In 2015, Blackstone bought the biggest apartment complex in New York City for $5.3B. In 2017, it enlisted a startup to help fill it.
The company, called Jetty, offers a three-in-one product to apartment applicants — Jetty Renters Insurance; Jetty Passport Deposit, which essentially gives renters the option to replace the expensive security deposit with a cheaper, one-time payment to Jetty; and Jetty Passport Lease, a fancy way of saying Jetty will serve as guarantor for applicants who need it.
Jetty CEO Mike Rudoy, who founded the startup alongside President Luke Cohler, said the purpose of the company is to make buildings more attractive by being more accessible to the average renter.
“It’s easier to get into our building than the one next door. If you are just starting your career and you don’t make a certain salary that will pass the financial requirements of the building, we will be that entity for you,” Rudoy said. “With Jetty, you can now click three boxes, put down a credit card and get the keys in one go. Historically, that process would have taken a week or longer to get going.”
Jetty’s partnership with Stuyvesant Town-Peter Cooper Village launched in June.
Originally built as a post-war housing project in the 1940s by the Metropolitan Life Insurance Company, Manhattan’s Stuy Town and its sister complex, Peter Cooper Village, collectively have 110 residential buildings and 11,250 apartment units that house roughly 25,000 residents. Blackstone and Montreal-based Ivanhoe Cambridge acquired Stuy Town in 2015, each taking a 50% stake in the project.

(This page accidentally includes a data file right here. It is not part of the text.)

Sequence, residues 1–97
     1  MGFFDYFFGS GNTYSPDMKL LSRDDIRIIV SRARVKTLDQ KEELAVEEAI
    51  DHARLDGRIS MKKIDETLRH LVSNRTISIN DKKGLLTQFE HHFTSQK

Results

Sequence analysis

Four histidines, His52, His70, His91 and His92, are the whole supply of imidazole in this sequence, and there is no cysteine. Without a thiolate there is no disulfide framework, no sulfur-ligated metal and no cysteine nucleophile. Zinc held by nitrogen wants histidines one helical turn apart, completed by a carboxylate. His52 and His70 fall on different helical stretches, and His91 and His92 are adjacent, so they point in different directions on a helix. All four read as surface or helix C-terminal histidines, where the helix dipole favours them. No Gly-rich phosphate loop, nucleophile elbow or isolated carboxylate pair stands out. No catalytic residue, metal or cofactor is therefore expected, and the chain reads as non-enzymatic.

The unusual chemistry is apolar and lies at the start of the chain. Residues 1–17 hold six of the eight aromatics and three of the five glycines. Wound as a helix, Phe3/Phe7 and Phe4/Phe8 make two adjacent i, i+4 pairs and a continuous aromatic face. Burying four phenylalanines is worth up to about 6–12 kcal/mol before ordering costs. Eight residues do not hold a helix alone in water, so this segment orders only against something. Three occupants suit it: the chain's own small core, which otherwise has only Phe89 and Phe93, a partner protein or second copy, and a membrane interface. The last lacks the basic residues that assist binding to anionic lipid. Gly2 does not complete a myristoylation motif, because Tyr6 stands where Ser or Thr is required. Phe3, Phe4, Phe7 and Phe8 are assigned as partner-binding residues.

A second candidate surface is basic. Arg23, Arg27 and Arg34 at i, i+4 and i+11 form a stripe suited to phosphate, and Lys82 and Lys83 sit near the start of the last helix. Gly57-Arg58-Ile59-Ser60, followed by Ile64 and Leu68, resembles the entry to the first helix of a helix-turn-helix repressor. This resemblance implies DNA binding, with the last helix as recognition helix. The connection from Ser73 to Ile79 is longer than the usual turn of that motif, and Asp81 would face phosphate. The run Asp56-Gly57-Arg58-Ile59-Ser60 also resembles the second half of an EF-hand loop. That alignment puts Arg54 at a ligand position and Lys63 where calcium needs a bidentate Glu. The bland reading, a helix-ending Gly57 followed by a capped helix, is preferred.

For a startup like Jetty, it might as well be a gold mine.
Stuy Town’s property management firm, StuyTown Property Services, now uses Jetty’s product as a marketing tool to attract and quickly secure prospective renters.
Jetty advertises the perks of its products on Stuy Town’s behalf, and has created a user-friendly platform that can be accessed from applicants’ phones should they wish to purchase renter’s insurance or utilize the other two products.
“Turns out, when you’re backed by a globally renowned institution and your products provide clear benefits to renters and leasing agents, one of the biggest properties in the U.S. is willing to give you a shot at helping optimize their operations,” Jetty wrote in a blog post.
Property management vet and RADCO Residential Vice President of Operations Mike Brewer, who has 20-plus years in the business, said he can understand the appeal — particularly when it comes to Class-B and Class-C apartments where applicants may not be as creditworthy and can benefit from Jetty’s range of products.
“I found interesting the replacement of guarantor and the deposit — breaking it down and making it affordable,” Brewer said. “I thought it was a very interesting play, and I see that as something that, as an operator, I would be interested in learning more about.”
How It Works
National multifamily rents are hovering near record highs, and startups like Jetty could be a boon to landlords to help set them apart from their competitors.
In addition to Stuy Town, Jetty’s product is being used by property manager Dayrise Residential, based in Houston, and has been incorporated into an off-campus housing platform, LoftSmart, which aims to help students find and secure affordable leases in university towns.
“The Passport Deposit is obviously the biggest perk,” said Benjamin Schor, vice president of acquisitions of InterCapital Group, an affiliate of Dayrise Residential. “Without having to amend our leasing standards, we can offer residents more choice and flexibility — helping them get into an apartment more quickly and with less effort. Ninety percent of all residents who’ve signed up for a Jetty policy have also opted for the Passport Deposit — highlighting the obvious demand for these products.”